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Summary

Paul has a discussion with several patreons via zoom, invited by prior email, to suggest answers to the question of what could Paul do if someone donated $500,000 with 2 stipulations:
1) the money must be spent on something which creates a positive global change and
2) the investment must return $500,000 so that it's self-perpetuating.

Paul mentions that last year he received 2 generous donations with no strings attached, but feels that the money hasn't all be spent wisely.

It's not clear how fast the $500,000 should be earned back.  Paul suggests within a year.

Jay suggests that money could be spent increasing the numbers of people who attend at Paul's place.  They talk over various suggestions on this theme throughout the podcast, at least some of which have already been tried with mixed results.  Paul admits that they didn't sell all the tickets for the PTJ, and sales are slow for the upcoming October event.

Cindy reminds us that not every thing succeeds: it took Edison 2700 attempts to make a viable electric lamp.  She also suggests that they need to reach more people and mentions TikTok as an example.  Paul is wary of paying people to create content as it can eat a lot of money for little return.

Katie suggests that, with the experience gained in building, for example, WOFATIs could become a revenue earner by having a team which people could hire to build a WOFATI for them.  Paul mentions that Josiah has not been inundated with people asking him to build WOFATI greenhouses after the production of the video about it.  Paul also mentions that there are RMH builders now who will come build an RMH for you.

Paul says many people live in areas with building codes, but if you get an engineer to sign off your WOFATI build, it doesn't have to be built to code.  Also, if enough get built codes will eventually change.

Cindy mentions that there are similar operations in other places and they could co-operate more, and Amy also makes a similar point about getting the word out.

Relevant Threads

Low Tech Laboratory 2: experiments with rocks, wood and mud Kickstarter

Wofati and Earth Berm forum
Devious Experiments with a Truly Passive Greenhouse - full movie

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COMMENTS:
 
steward
Posts: 3384
Location: Maine, zone 5
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Paul mentioned the thread for "List of Rocket Mass Heater Builders" and it's right here!
 
pollinator
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Location: Massachusetts, 5a, flat 4 acres; 40" year-round fairly even
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--insulation company making exploded recycled glass insulation with rocket kiln and selling for cheap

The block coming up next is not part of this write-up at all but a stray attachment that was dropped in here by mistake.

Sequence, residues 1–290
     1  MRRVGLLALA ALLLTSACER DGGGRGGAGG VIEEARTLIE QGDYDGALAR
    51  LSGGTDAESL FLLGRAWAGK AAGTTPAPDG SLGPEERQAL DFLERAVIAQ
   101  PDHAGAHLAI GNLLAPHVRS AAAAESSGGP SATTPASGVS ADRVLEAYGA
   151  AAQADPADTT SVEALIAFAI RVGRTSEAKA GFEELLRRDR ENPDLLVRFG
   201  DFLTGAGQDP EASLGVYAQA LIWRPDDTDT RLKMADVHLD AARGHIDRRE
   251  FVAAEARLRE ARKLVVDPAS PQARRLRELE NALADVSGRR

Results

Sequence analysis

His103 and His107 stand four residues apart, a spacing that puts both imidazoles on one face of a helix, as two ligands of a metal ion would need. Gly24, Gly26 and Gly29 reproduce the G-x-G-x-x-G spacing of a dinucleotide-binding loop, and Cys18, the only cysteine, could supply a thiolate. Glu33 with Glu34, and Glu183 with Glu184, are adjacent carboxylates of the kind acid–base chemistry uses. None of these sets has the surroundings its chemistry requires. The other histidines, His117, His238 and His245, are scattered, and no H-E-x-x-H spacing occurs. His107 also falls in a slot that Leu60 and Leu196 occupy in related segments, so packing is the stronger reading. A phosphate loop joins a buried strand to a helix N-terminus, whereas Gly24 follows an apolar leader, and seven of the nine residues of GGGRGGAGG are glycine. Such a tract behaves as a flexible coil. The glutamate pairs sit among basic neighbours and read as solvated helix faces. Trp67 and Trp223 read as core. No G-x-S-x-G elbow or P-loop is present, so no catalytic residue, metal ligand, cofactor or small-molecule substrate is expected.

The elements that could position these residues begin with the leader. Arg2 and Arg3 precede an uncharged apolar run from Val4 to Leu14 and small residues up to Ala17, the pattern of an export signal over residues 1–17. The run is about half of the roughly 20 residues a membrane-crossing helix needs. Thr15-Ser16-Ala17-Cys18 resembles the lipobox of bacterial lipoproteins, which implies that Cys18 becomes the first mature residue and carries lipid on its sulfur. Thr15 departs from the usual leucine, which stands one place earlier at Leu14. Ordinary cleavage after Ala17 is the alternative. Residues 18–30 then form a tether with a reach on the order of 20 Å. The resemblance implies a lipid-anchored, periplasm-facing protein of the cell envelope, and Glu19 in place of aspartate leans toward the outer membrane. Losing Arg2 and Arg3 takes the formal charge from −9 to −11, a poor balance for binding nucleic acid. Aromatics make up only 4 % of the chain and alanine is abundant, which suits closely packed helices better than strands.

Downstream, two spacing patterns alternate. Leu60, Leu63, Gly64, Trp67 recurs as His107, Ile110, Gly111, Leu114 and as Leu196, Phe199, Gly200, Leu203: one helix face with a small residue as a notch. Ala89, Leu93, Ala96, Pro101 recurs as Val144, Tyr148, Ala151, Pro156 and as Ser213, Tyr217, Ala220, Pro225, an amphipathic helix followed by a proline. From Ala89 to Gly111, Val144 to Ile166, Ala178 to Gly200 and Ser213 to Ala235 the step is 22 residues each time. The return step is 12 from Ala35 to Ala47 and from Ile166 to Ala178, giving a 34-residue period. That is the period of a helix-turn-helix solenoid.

--medium-volume ceramic tile company wth wood-fired rocket kilns

some brainstorms.
haven't finsihed listening but am out of time for today
 
Joshua Myrvaagnes
pollinator
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Overall, I think the money is a distraction, and it's best just ignored.  This is because it is a tool that isn't really compatible with permaculture.  It doesn't motivate creativity or even simple marketing or sales activities.  The desire to sell is what motivates salespeople, and they mostly don't want to work for something like this--too much work to hunt them down.

The money is a little like handing Fukuoka a warehouse supply of Roundup.  What Fukuoka needed he already had.  

Maybe blow it all o adword campaign for the Better World Book or a TV spot on a primetime show and if it doesn't make back money, well, in this case it's because the customer is wrong.


Rocket businesses--my thinking:

how these serve mission:
you demonstrate how permaculture thinking gets something simple done better, cheaper, and with local labor vs. exploitative, and now people will want to know where that good research came from that came up with this kind of innovation.  Oh, Wheaton Labs, low-tech technologies improved upon.  What else might be of value there that actually works, actually "green"? Maybe I can change my whole way of living, not just get more affordable and greener X.

it's something you've helped get developed already.

--no need for food regulation, it's not getting put in anyone's body.  Probably some regulation, testing for toxicity of air particles

Forget patenting it or anything, just start making the stuff.  If a competitor steals the idea and takes up some market share, so what.

The cons:
Worse than having it not make the money back, if it becomes another cotton gin or steam engine.  Then it can be used for polluting more efficiently.  What is there to stop it from being this? "oh now we can just log this Amazon forest for fuel and set up shop there.

There's some regulation.  There's hiring people, there's labor and insurance and all that, not your style.  It might be more than just boots earning extra cash would cover.  

Solutions to cons:
--boots/residents of the Labs can do a lot
--if you get to move the labs and have job security as long as you put in a few hours in the factory each week (a very few, and no more than 4 in a day), OK, now I can afford to quit my job and go live there


I think it's better not to try to flesh out any more than this.


--
One last thought--
Maybe make microloans to people who will build themselves a rocket mass heater and then pay the money they save on their heat bill back to the Labs.  
 
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